21 September 2015

Vytautas Montvila: Gothic Poem

Welcome to another installment of Baltic musical gems. Last week I gave an introduction of the Lithuanian folk music sutartines. This week we shall be looking at how one composer drew on it. The composer is Vytautas Montvila, not to be confused with the poet of the same name. Montvila was born 1st December 1935 was not only one of the most progressive minds in composition in Lithuania, he never let go of the folk heritage of Lithuania.

After completing his studies with Juzeliunas, Montvila continued to develop his compositions by drawing on the sonoristic experiments opened up by the Warsaw festival, as well as drawing on serial techniques. These techniques always went hand in hand with folk music, either using sutartines melodies to help form tone rows, or building vast soundscapes by layering sutartines songs. 

The piece I am showing this time is his Gothic Poem. The piece is part of a triptych of works called Poems of Vilnius, this is the first element of it. The other two works in the triptych are called Choruses and Festive. Gothic Poem is a fascinating work, as it lies in a half way house between the dense sound sculptures of Penderecki and the sonorous openness of the Romanian composer Stefan Niculescu. From the onset, you hear the dense static 12 tone chord in the strings which act as a backdrop for the flute to start its melody. The changes in orchestration help define the microscopic changes in the piece. The woodwind carry most of the melodic content and overlap each other adding to the density and mysteriousness of the work. Then a sudden change in sensation, as aleatoric elements fly across the orchestra which lead to  fluttering repetitive cells in the strings, while the bassoons and clarinets introduce more surtatines melodies.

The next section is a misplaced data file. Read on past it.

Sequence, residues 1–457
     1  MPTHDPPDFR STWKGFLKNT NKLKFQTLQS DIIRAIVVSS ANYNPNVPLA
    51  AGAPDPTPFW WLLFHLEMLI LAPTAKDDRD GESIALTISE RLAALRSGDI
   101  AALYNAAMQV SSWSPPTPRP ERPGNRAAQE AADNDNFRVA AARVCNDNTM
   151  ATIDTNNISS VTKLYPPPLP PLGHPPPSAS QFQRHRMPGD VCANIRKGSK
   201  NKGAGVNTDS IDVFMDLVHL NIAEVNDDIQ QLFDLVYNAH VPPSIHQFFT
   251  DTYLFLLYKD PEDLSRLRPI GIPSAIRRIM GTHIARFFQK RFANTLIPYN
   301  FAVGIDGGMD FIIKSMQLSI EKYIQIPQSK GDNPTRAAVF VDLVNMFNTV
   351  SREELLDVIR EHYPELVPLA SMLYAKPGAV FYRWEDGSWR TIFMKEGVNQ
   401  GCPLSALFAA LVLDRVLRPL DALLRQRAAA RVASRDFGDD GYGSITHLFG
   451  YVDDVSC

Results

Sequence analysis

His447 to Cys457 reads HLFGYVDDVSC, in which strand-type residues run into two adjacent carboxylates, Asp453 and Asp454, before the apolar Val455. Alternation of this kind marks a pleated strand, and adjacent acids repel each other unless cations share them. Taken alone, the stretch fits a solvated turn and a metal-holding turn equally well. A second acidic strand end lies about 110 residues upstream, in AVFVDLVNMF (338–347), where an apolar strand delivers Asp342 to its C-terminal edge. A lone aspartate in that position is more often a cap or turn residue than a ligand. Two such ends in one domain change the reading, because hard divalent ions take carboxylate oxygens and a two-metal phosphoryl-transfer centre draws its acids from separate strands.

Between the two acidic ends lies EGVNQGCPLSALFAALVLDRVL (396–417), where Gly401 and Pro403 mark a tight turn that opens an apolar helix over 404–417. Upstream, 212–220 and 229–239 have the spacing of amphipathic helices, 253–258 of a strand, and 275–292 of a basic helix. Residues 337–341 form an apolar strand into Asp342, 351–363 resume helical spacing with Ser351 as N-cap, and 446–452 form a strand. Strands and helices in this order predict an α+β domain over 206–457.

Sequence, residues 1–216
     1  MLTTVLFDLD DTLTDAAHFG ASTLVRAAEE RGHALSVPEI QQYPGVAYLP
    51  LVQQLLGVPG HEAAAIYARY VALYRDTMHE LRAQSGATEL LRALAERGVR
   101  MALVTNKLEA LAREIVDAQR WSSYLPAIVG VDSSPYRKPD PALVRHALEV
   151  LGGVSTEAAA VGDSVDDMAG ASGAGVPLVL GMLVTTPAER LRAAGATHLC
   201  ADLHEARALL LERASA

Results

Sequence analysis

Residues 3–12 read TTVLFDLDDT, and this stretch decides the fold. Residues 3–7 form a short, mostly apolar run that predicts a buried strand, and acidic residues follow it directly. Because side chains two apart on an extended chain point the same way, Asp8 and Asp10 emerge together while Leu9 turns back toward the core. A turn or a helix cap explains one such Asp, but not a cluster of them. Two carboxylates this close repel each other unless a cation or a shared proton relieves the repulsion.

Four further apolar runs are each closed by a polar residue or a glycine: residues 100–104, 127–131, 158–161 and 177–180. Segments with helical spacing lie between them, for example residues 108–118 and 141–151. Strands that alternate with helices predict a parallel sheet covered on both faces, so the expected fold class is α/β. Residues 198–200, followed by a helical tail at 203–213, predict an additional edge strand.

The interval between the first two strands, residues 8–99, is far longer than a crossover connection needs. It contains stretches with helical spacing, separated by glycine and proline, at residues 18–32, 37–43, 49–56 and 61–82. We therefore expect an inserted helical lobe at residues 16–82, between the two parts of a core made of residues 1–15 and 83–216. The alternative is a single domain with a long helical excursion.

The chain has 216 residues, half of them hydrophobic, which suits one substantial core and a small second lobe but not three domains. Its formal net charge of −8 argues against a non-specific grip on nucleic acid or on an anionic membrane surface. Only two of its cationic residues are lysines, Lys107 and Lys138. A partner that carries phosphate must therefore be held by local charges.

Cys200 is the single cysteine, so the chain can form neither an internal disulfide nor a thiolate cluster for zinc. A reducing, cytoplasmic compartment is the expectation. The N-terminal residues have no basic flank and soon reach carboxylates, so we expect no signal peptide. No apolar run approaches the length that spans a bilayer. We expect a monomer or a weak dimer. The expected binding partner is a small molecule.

This time the energy keeps building and building, with the addition of the brass and percussion leading ultimately to the climax of the work. The blasts from the trumpets and trombones in canon with each other, combined with the rhythmic attacks from the rest of the orchestra make this moment rather powerful indeed. The suddenly this climax slips away, into the strings. who reiterate musical ideas heard earlier in the piece. The close of the piece is heralded by the bells, ringing on as the music fades into nothing.

Structurally the work is very interesting, the shape and proportions are mirrored around the old town in Vilnius. The layering of folk melodies, combined with the dense colours make this work a rather fascinating curiosity, and is a great example of a piece which is as thoroughly modern as it is connected to tradition. Montvila was not the only composer to tackle this, in 1996 Radulescu drew on his native Romanian folk tunes in the third movement of his piano concerto, The Quest

Montvila went on to compose many works which drew upon his native music. Towards the end of his life around the late 1970s Montvila's music became more 'romantic' and sutartines became something more liberally referenced in his later works. 

The work of Vytautas Montvila is one of the many ways Lithuanian and other Baltic composers coped with the restraints put on them during the years under the Soviet Union. One key linking a lot of composers in this generation is the desire to link tradition to the now. Not just casting it off, like many western composers did post 1945. 

Information came from the Vytautas Montvila profile page on the Music Information Centre website: http://mic.lt/en/database/classical/composers/montvila/#bio

As well as from the score. 

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